Picky Eater at the Library Party

Academic library folk can party!  Every year we went to a swank restaurant owned by an Italian celebrity chef.  My former micropreemie, now toddling, came to work with me a couple of days a week and was also invited.

It was a pasta restaurant, his favorite! Yummy comfort foods — what’s not to love?

There was a much-anticipated $5 gift swap, wine, and small talk.  A little more wine.  Appetizers.  Then we picked from a special menu pulled together just for us — a trio of extremely lovely highbrow pastas. Gnocchi with duck; garganelli with Prosciutto, peas, and cream; ravioli with wild boar and rosemary.

Fudgey, creamy, or spicy.  Uh oh.

Luckily, I had backup.

I found our waiter and, with big smiles and nodding my head, made my request.  My cheeks felt flushed. Again.  I sat at the big round six-top with Peanut on my lap.

WillNotEatClick

Click here to receive three quick videos with tips for your picky eater.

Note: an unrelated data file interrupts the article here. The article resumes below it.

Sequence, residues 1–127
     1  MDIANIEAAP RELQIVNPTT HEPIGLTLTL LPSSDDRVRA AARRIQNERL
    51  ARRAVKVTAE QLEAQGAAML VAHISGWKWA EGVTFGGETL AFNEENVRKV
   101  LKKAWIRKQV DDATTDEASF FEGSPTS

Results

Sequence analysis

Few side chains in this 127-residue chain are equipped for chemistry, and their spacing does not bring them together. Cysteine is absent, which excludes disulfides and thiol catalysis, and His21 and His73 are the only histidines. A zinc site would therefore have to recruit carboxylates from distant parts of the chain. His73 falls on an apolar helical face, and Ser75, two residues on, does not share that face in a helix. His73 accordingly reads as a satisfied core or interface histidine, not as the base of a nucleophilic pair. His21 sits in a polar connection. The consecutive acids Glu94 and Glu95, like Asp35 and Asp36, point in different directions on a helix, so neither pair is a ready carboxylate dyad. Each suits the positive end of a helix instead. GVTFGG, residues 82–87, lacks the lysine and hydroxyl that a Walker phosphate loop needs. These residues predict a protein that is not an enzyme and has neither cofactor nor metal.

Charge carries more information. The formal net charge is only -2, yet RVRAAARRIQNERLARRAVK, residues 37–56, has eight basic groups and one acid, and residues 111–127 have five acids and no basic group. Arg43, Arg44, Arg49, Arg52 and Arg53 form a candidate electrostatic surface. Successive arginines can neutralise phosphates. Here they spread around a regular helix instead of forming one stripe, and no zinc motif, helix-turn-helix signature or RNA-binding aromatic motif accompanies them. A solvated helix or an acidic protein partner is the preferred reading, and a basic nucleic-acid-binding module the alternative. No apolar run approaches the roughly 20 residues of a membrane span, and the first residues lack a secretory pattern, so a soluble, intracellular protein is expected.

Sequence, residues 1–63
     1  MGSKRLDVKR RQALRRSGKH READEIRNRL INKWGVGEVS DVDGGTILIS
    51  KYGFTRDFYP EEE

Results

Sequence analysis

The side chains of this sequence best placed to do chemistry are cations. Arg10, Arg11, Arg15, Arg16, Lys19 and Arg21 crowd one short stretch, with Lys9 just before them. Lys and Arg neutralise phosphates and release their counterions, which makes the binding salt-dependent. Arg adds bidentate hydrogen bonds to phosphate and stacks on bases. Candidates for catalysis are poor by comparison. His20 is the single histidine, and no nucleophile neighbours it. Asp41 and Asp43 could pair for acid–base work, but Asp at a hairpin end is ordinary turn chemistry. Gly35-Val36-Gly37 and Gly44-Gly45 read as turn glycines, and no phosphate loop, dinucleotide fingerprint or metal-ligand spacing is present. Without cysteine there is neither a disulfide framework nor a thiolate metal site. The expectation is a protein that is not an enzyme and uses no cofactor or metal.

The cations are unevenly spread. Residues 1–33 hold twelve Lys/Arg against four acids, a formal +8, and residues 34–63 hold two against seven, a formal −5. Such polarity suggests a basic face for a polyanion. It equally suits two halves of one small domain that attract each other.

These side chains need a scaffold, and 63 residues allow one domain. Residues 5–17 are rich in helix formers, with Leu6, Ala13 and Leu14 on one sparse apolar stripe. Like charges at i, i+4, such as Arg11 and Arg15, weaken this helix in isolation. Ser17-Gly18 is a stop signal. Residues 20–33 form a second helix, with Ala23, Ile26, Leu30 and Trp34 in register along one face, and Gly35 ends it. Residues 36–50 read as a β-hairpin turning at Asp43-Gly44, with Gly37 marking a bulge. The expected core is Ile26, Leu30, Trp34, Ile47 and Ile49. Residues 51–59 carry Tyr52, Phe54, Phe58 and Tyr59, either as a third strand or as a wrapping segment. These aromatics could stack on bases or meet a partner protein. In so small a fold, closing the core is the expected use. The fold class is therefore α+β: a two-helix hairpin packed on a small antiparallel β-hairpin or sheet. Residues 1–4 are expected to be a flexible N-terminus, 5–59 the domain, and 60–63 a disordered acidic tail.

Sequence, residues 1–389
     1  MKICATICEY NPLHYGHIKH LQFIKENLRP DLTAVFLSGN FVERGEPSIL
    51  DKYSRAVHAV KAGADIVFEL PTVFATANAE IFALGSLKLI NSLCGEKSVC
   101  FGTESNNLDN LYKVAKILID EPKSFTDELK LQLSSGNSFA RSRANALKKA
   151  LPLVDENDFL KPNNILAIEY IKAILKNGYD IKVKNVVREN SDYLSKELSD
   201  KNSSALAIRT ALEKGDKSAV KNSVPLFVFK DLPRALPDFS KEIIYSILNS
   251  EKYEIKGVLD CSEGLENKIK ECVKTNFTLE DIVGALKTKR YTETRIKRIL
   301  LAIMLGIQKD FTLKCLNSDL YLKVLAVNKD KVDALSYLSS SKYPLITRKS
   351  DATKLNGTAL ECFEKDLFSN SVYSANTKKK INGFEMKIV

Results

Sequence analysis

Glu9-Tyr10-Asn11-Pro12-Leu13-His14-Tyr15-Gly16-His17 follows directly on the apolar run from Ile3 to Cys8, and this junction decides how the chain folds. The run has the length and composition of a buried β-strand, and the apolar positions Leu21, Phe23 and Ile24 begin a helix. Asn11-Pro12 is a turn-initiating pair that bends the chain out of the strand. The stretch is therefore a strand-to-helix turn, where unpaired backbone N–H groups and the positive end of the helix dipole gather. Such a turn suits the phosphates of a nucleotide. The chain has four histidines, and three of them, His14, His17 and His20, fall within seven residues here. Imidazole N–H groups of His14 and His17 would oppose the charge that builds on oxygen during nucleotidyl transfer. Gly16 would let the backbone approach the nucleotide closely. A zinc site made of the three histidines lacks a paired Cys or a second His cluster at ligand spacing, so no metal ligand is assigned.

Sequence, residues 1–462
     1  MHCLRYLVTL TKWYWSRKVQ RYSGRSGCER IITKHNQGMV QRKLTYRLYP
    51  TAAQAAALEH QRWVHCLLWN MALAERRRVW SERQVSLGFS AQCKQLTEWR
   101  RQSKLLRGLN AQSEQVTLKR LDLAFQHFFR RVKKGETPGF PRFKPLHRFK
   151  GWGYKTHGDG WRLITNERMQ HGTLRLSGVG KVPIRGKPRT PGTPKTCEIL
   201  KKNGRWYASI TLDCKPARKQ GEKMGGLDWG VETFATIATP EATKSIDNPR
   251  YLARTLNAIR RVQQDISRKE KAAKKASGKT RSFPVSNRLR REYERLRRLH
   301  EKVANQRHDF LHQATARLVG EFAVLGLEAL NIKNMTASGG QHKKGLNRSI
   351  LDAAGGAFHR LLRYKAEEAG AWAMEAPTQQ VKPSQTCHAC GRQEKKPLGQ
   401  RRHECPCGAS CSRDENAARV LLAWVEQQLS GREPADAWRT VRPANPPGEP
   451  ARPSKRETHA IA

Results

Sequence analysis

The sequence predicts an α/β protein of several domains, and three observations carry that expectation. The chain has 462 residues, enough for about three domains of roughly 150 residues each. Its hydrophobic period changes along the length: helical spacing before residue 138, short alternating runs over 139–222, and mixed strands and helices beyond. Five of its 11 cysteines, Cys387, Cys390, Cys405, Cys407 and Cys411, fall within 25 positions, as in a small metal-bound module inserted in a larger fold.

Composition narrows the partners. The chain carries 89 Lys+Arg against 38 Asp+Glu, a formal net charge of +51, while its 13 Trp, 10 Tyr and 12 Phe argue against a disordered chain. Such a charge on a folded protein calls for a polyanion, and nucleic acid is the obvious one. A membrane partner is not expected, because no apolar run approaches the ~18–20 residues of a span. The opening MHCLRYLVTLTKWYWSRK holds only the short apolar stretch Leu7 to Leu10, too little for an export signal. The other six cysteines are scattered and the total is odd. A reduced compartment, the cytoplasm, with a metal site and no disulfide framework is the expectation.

I ate; he didn’t.

CLICK to tweet:  If you have a sensory or food-averse kid, you know — you cannot wait them out.   They’d rather not eat.  At the six-top, my coworkers noticed, looked worried, asked if he was feeling okay.  I was still smiling wide, nodding, and now sweating, too.  And still flushed.

If you have a picky kid, you’ve probably stuck food in your purse a time or a hundred.

Finally the waiter came out with my secret weapon — purse nuggets!  In those days purse nuggets were my constant companion; just throw them in frozen and by lunch they’re ready to heat up.

He’s still picky at 13, but it’s okay. In the decade since then, I’ve worked out a system and he’s come a long way.  He’s no longer underweight and I don’t fret about his diet.

Purse nuggets got us through some scary times, and I am grateful to the nugget inventors of the world.  But shifting to a deliberate family culture around food has changed everything.  He’s become curious and he even eats outside his comfort zone — and points it out, haha.

If you want tips for building food curiosity in your picky kid, click the link above to get 3 quick videos sent right to your inbox.  And stay tuned, I have a webinar coming up in May that will help you ditch those purse nuggets forever!

If you can’t wait another day, check out my Parenting Picky Eaters program.  And as always, follow along the antics in the fun house on Facebook.

Purse nuggets be gone!

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Burning up: shame about my picky eater.

Her turquoise eyes were snapping!

She looked me right in the eye, inches from my face.